Browsed by
Category: Resources

15 Modern Poetry Collections

15 Modern Poetry Collections

April is National Poetry Month, but I have to admit, I’m not a big poetry reader.

I like them in theory, and I loved writing edgy, dramatic poetry in my teens, but as an adult reader they haven’t appealed to me. “Traditional” poets bore me to tears, so I went looking for some new and modern voices.

There are 15 titles on this list, and each appealed to me for a different reason. Have you read any of these collections? Since I’m a reluctant poetry reader, where would you suggest I start?

The links below will take you to Amazon.com. Disclosure: LiteratureLynx is a participant in the Amazon Services LLC Associates Program, an affiliate advertising program designed to provide a means for sites to earn advertising fees by advertising and linking to Amazon.com. This adds no additional cost to you.

***

Bestiary: Poems- Donika Kelly

Blackacre: Poems- Monica Youn

Cannibal- Safiya Sinclair

Citizen: An American Lyric- Claudia Rankine

Digest- Gregory Pardlo

Look: Poems- Solmaz Sharif

Milk and Honey- Rupi Kaur

Native Guard: Poems- Natasha Trethewey

Night Sky with Exit Wounds- Ocean Vuong

Phantom Noise- Brian Turner

Prelude to Bruise- Saeed Jones

So Much Synth- Brenda Shaughnessy

The Performance of Becoming Human- Daniel Borzutzky

The Princess Saves Herself in this One- Amanda Lovelace

Vulgar Remedies: Poems- Anna Journey

A Short List of Books About Women’s History

A Short List of Books About Women’s History

 

Hi all! As I’ve mentioned numerous times, March is Women’s History Month, so here’s a quick list of suggestions if you’re interested in the topic, but don’t know where to start. As a side note- there’s no shame in reading a kids non-fiction book as an adult!

The links below will take you to Amazon.com. Disclosure: LiteratureLynx is a participant in the Amazon Services LLC Associates Program, an affiliate advertising program designed to provide a means for sites to earn advertising fees by advertising and linking to Amazon.com. This adds no additional cost to you.

 

For younger readers (middle grades and up)

100 Women Who Made History- DK

Rad American Women A-Z- Schatz and Stahl

Rad Women Worldwide- Schatz and Stahl

Girls Think of Everything- Thimmesh

Women in Science: 50 Fearless Pioneers Who Changed the World- Ignotofsky

 

General Non-fiction

Bad Girls Throughout History- Shen

Headstrong: 52 Women Who Changed Science- and the World- Swaby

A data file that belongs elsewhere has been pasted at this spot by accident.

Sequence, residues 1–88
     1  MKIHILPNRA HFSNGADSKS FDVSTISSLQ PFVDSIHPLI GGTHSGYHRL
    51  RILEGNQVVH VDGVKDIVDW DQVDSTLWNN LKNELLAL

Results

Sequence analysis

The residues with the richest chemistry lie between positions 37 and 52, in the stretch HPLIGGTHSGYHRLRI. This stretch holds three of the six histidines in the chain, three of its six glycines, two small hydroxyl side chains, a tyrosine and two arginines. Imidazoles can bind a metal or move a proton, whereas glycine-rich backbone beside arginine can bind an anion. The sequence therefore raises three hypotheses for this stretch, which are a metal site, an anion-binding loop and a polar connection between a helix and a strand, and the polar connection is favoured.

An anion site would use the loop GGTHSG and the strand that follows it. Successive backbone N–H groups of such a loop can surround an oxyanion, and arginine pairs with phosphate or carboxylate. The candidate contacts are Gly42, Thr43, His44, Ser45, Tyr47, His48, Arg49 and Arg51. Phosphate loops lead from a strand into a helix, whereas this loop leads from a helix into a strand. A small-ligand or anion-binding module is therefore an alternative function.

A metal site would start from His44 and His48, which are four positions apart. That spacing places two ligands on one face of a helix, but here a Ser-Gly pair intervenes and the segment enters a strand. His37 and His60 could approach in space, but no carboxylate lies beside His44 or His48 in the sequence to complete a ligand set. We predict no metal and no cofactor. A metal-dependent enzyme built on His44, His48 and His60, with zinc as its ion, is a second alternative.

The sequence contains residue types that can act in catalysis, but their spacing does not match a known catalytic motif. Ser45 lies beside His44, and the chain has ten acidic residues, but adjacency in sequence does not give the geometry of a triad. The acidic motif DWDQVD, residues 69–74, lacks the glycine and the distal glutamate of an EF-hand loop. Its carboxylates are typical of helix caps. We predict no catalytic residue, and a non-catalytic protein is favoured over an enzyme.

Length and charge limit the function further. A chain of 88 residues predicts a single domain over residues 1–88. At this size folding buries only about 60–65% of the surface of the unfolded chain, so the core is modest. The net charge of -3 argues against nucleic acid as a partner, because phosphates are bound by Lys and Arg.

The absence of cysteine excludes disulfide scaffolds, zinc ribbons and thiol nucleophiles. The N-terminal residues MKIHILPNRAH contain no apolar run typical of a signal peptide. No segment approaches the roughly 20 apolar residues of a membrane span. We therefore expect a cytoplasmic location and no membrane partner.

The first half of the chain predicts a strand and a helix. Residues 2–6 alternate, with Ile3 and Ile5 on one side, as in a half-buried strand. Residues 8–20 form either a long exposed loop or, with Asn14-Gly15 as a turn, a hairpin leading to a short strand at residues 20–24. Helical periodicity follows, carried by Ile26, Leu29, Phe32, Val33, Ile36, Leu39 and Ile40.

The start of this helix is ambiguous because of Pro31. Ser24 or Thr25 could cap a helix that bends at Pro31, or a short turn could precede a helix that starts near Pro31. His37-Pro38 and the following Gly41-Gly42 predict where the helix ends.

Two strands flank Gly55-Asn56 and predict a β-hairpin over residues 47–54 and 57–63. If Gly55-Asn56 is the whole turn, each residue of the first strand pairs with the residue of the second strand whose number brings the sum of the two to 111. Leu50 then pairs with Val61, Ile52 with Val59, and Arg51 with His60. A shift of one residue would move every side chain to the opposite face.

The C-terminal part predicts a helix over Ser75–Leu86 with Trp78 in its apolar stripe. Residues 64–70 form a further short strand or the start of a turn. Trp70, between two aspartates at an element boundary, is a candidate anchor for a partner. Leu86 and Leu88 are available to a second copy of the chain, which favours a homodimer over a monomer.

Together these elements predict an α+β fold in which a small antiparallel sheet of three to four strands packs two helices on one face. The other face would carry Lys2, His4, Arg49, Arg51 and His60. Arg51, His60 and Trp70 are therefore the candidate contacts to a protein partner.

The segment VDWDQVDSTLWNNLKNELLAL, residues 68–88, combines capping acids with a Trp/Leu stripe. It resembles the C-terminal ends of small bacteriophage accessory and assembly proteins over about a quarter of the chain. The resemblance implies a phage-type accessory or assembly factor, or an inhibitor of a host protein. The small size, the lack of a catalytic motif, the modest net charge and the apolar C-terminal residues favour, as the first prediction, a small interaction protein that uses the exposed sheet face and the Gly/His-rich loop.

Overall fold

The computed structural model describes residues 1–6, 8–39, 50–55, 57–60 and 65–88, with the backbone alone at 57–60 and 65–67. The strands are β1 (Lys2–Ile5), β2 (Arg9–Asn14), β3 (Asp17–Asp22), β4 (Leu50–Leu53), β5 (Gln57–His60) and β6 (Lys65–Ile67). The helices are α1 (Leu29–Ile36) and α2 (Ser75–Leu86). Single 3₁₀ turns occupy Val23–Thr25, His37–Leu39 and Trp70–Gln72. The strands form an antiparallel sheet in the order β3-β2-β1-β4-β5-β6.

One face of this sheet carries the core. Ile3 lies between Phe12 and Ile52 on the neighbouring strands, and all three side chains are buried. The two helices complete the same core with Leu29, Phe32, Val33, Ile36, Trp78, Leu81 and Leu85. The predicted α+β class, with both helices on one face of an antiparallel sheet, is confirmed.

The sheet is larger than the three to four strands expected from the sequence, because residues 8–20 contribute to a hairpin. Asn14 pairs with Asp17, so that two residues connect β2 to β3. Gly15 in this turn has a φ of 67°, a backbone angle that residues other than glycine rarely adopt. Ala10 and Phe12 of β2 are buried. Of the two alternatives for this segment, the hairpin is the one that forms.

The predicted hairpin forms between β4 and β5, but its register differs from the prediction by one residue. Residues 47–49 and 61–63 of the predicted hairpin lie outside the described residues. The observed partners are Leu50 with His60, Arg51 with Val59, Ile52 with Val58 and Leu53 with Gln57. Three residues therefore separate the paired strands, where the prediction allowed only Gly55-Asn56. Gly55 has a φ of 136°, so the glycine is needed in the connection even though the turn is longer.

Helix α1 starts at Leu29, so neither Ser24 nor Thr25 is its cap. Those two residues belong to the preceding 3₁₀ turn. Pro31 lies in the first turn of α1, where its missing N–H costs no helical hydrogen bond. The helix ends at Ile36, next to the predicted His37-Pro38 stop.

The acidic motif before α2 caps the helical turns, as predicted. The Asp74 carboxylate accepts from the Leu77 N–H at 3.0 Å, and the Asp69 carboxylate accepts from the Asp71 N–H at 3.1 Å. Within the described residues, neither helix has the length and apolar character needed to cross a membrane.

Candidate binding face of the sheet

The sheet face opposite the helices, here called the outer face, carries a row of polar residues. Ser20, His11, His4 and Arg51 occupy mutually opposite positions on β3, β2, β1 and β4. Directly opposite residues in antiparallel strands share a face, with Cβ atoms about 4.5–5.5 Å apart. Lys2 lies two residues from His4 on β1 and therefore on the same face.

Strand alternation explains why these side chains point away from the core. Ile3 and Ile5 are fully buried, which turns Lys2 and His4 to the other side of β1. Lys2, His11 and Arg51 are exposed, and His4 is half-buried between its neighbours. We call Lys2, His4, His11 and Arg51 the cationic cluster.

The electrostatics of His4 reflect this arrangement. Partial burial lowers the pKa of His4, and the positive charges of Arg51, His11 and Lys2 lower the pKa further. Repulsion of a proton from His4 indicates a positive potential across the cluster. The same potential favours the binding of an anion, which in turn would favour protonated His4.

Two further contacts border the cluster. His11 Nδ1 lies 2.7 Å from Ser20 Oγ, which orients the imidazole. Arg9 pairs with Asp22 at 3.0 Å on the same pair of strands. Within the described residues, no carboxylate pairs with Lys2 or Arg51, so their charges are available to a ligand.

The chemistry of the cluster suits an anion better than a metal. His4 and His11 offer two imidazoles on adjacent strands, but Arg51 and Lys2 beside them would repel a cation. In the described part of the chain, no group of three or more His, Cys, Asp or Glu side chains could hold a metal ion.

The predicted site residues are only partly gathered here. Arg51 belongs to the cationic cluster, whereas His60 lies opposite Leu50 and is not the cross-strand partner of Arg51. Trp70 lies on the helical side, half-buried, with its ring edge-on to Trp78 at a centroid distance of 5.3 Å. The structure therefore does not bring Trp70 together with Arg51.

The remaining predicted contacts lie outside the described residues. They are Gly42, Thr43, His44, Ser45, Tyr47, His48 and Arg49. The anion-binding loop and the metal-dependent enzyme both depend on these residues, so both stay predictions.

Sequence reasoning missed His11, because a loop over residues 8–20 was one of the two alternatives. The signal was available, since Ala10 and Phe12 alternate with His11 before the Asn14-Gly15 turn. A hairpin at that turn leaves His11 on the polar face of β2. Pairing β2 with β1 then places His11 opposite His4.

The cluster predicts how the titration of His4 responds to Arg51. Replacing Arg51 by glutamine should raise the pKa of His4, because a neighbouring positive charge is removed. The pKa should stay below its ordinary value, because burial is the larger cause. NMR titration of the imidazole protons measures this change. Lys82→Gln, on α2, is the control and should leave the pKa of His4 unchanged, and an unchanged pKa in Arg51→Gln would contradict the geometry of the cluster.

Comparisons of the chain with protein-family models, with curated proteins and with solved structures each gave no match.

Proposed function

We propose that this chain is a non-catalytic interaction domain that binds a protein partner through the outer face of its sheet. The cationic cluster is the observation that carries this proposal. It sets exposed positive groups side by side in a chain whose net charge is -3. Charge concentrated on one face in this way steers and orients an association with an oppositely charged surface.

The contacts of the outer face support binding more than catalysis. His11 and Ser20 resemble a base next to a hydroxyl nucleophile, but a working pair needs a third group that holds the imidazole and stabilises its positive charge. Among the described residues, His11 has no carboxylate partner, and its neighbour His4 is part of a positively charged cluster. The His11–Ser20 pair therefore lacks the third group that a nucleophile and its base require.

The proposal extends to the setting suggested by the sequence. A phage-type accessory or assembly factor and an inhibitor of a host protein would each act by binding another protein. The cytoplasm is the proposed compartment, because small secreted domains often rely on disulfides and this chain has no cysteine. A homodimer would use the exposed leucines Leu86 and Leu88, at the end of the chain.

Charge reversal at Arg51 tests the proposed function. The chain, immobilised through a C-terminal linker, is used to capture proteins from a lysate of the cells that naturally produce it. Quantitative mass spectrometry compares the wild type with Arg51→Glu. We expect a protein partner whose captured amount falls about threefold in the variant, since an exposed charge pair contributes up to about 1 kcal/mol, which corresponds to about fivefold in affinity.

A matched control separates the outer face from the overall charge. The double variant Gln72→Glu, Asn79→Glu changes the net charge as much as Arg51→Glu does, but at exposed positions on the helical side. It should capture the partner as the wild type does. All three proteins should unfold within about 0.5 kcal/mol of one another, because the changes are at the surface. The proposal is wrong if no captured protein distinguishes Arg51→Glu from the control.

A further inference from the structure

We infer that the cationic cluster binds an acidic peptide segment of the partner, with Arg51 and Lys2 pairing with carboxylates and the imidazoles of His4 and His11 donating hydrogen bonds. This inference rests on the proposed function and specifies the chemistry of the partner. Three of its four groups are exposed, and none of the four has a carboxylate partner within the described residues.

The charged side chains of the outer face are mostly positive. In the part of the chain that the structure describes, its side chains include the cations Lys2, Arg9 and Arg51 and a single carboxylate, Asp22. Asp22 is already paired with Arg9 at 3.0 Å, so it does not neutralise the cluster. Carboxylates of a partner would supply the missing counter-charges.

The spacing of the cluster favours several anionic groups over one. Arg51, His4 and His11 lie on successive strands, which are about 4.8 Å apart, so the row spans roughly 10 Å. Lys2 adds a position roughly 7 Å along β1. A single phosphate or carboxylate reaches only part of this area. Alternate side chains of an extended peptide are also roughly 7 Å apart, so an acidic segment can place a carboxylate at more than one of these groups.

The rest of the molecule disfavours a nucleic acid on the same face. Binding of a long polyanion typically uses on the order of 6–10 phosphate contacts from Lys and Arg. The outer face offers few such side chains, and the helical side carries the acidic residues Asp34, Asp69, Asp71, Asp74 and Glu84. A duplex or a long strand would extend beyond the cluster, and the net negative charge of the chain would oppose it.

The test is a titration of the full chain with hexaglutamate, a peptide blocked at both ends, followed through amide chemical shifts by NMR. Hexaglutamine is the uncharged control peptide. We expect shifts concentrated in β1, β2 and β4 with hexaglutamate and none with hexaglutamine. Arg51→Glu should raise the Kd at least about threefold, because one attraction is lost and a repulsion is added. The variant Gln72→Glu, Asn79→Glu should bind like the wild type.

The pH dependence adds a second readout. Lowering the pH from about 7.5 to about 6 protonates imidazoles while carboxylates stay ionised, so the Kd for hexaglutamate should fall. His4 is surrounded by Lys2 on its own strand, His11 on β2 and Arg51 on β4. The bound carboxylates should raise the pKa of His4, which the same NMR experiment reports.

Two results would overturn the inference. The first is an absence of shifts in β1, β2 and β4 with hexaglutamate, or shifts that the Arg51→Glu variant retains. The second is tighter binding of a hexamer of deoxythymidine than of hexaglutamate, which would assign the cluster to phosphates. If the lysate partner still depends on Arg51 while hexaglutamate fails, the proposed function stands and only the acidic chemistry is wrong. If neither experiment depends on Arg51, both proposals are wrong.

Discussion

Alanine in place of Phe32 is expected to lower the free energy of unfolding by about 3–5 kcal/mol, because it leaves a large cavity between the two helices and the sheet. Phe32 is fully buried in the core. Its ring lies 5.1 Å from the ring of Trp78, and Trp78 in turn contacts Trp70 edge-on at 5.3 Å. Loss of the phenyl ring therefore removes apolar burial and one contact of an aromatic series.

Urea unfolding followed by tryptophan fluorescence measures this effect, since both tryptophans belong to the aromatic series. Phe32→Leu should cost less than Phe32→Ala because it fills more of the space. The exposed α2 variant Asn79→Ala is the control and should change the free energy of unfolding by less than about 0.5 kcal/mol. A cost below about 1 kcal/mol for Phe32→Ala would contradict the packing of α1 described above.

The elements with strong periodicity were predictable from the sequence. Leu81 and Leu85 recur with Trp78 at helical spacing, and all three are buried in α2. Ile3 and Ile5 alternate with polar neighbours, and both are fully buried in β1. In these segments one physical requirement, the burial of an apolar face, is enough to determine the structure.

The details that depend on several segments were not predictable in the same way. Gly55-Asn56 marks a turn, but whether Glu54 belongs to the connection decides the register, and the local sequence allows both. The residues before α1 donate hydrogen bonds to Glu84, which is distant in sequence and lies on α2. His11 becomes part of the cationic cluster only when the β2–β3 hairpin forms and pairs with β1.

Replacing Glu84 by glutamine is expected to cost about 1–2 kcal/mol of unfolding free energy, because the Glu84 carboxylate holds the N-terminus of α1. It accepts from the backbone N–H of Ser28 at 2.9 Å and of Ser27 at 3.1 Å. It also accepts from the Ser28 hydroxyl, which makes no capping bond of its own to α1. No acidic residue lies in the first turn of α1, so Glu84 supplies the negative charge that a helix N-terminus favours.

Wonder Women- Maggs

The Women Who Changed the Course of History (2nd Ed.)- Atkinson

Who Cooked the Last Supper: The Women’s History of the World- Miles

Nike is a Goddess: The History of Women in Sports- Danziger

Well-Behaved Women Seldom Make History- Ulrich

 

If you want more suggestions, or would like books broken down by topic, check out this amazing list put together by Alice over on Book Riot.

I’m currently in the middle of ‘Who Cooked the Last Supper’, and my review should be up on Friday.

Happy reading!

Finding Diversity in Sci Fi/Fantasy

Finding Diversity in Sci Fi/Fantasy

This will be a short post, but I wanted to share some resources that I’ve been using to find diversity in science fiction and fantasy.

The internet is a big place, and there is a ton of information out there, but I find myself returning to these sites for inspiration.

First stop, The Illustrated Page. Sarah has put together some truly awesome book lists like  ‘Female Protagonists in SF/F‘, ‘LGBTQIA Protagonists in SF/F‘ and ‘Non-white Protagonists in SF/F‘. Each list includes YA, author suggestions and other resources.

For more LGBTQ+ suggestions, check out queerscifi.com. Despite the name, they cover science fiction, fantasy, paranormal and horror books.

The SF/F Books with Disabilities Masterlist‘, on Metaphors and Moonlight is an invaluable resource. I particularly like this list because it isn’t just titles and authors. Kristen includes sections for ‘character with disability’ (is it the main character, or a side character, for example) and ‘is it cured or something paranormal’.

Do you have any additional suggestions you think I should know about?